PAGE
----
The drop in global trade flows will be similar to that seen during the financial crisis in 2008 if tariff wars continue to escalate, warned the World Bank recently in it latest Global Economic Prospects report.
"A broad-based increase in tariffs worldwide would have major adverse consequences for global trade and activity," the report says. "An escalation of tariffs up to legally-allowed bound rates could translate into a decline in global trade flows amounting to 9%, similar to the drop seen during the global financial crisis in 2008-09."
In the latest round of global trade standoff, the EU, Canada, and Mexico have quickly announced retaliatory trade tariffs on the US as they are not exempted from steel and aluminium levies.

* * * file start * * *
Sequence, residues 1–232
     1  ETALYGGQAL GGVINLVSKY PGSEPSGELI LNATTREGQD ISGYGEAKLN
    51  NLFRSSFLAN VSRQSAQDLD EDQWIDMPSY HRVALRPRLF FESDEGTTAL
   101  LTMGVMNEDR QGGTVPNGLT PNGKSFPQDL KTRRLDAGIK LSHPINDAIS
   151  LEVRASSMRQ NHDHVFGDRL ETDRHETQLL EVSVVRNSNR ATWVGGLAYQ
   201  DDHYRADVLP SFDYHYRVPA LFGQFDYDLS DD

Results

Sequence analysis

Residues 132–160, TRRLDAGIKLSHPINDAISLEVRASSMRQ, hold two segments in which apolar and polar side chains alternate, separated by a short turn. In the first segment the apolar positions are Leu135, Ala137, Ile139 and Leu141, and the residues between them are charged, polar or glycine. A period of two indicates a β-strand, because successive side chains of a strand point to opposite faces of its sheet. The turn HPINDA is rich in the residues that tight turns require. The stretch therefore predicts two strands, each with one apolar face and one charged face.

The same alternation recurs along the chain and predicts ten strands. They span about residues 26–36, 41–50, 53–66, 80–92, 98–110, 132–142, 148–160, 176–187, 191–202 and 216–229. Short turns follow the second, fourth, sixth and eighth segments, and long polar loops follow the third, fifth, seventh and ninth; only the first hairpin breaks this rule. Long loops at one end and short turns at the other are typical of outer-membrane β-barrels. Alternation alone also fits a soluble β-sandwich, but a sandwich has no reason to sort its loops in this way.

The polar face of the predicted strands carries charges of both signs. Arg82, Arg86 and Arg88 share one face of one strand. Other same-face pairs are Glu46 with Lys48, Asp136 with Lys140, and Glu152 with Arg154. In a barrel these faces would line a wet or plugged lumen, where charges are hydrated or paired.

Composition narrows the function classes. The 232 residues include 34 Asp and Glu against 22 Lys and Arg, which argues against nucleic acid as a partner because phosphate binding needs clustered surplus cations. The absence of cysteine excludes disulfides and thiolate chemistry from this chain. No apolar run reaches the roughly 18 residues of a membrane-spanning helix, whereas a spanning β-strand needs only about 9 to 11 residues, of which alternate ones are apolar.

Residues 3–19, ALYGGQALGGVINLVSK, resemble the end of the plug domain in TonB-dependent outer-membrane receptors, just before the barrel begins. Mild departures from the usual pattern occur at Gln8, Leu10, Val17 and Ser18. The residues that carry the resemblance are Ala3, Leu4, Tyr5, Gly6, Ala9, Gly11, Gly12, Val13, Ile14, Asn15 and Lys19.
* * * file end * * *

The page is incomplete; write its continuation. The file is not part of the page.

The EU said it would impose import duties on American products such as bourbon, motorcycles and peanut butter. Mexico said it would target pork legs, apples, grapes, cheese and steel products from the US, while Canada will move against US$12.8-billion worth of US imports including aluminum and steel, and everyday products such as dishwasher detergent.
While China and the US continue their negotiations in an attempt to avoid or reduce tariffs, negotiations to overhaul the North American Free Trade Agreement (NAFTA) have not seen progress.
The World Bank said emerging markets and developing markets would be the hardest hit as a result of increased protectionism.
Any setbacks to commercial activities in the world’s largest economies—China or the US—would result in significant negative spillovers for the rest of world through trade, confidence, financial and commodity-market channels.